7. Shake, don’t toss
Love ‘em or hate ‘em, the Kardashian women can teach us a thing or two about salad. Their propensity for shaking salads to evenly distribute dressing has become an iconic part of their reality shows — so much so that the ladies gave viewers an amusing tutorial.
8. How to eat more vegetables: prevent spoilage in seconds
Sometimes we avoid buying veggies because we’re worried they’ll rot before we use them. Luckily, a few quick interventions can make them last twice as long. Beets, carrots and radishes, for example, look tempting with their leafy tops, but those fronds will start to pull moisture from the vegetable in a few days. A quick “haircut” before storage will keep them crisper and firmer for several days, shares Amanda Hawkins, food expert at Misfits Market. Kale, chard and other leafy vegetables will get parched and wilted if left unwrapped in the fridge. Wrap them loosely in foil to retain their texture, then reuse the foil on the next bunch.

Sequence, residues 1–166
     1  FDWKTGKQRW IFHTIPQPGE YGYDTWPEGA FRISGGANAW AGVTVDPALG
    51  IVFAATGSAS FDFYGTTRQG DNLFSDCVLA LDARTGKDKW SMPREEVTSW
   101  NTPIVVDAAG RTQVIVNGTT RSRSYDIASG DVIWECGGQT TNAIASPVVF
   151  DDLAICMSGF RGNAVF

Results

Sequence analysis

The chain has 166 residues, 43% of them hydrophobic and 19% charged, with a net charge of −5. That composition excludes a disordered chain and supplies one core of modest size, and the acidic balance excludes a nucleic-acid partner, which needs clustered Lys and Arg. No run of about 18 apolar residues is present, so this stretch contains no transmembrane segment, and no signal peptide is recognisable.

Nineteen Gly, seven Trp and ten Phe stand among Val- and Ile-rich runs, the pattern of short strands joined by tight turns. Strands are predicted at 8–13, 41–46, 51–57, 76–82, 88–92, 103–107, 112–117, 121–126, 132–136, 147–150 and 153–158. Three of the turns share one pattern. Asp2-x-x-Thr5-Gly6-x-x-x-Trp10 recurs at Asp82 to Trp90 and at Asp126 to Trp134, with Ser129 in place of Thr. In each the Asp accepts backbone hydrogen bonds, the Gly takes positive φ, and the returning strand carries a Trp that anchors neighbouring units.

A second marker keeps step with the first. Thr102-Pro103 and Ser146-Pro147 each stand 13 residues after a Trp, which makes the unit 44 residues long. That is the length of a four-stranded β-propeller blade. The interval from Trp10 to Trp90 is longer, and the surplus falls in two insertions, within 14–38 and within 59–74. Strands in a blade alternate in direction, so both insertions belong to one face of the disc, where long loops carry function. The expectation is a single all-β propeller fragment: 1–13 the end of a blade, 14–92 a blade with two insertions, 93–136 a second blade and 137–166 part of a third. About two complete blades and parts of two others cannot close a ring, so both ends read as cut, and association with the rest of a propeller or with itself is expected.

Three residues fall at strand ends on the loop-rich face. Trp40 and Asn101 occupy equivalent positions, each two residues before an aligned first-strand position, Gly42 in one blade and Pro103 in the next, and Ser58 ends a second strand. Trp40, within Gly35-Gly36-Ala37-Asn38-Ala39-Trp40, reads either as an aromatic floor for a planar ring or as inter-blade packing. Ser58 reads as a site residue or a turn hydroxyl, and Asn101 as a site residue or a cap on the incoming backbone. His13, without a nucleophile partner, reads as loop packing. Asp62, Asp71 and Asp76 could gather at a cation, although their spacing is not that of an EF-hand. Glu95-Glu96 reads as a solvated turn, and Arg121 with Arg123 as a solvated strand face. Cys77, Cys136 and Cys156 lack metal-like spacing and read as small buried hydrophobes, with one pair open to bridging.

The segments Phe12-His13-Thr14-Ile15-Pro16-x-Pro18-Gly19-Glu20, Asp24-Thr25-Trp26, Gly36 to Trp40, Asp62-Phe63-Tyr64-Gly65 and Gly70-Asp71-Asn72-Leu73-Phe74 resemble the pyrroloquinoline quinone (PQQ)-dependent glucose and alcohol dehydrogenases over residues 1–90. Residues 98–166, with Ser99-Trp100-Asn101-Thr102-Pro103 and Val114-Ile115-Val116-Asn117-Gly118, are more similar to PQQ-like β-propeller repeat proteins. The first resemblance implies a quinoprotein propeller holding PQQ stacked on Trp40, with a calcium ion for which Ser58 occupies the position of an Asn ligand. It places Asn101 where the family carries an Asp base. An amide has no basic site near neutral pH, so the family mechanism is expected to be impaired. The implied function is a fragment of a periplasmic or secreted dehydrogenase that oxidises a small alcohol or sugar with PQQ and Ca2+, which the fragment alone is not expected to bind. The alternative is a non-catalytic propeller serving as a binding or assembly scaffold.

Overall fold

9. Seek out these supermarket trends
- Okra crisps: Popular in the South and Texas, these yummy snackers are made by oven- or freeze-drying young okra pods. Find ‘em nationwide in Trader Joe’s and Whole Foods stores, or order direct from vendors in South Carolina and Missouri. Please pass the ranch!
- Ready-to-eat beets: Raw beets take a while to peel, cube and cook, which is why the vacuum-sealed steamed beets now available at Safeway, Fred Meyer and Giant are such a find. “This is one of the only times I recommend buying pre-cooked veggies,” says Robert Schueller, produce guru at Melissas.com. “They’re simply delicious!” Find beets a bit too earthy? Look for pre-steamed golden beets, which have a milder flavor. Adventurous eater? Go for the brand-new pickled beets.